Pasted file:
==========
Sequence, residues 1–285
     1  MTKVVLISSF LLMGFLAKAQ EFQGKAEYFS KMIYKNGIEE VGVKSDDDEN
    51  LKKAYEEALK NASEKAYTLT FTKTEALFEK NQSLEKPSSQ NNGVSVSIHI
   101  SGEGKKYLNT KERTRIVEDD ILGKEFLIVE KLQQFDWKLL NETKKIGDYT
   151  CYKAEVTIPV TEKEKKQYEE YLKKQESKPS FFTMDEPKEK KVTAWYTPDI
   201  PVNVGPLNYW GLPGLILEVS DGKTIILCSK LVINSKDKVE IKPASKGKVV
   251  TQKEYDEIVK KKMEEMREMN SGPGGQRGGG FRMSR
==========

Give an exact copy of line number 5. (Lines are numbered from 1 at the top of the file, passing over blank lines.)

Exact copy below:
   151  CYKAEVTIPV TEKEKKQYEE YLKKQESKPS FFTMDEPKEK KVTAWYTPDI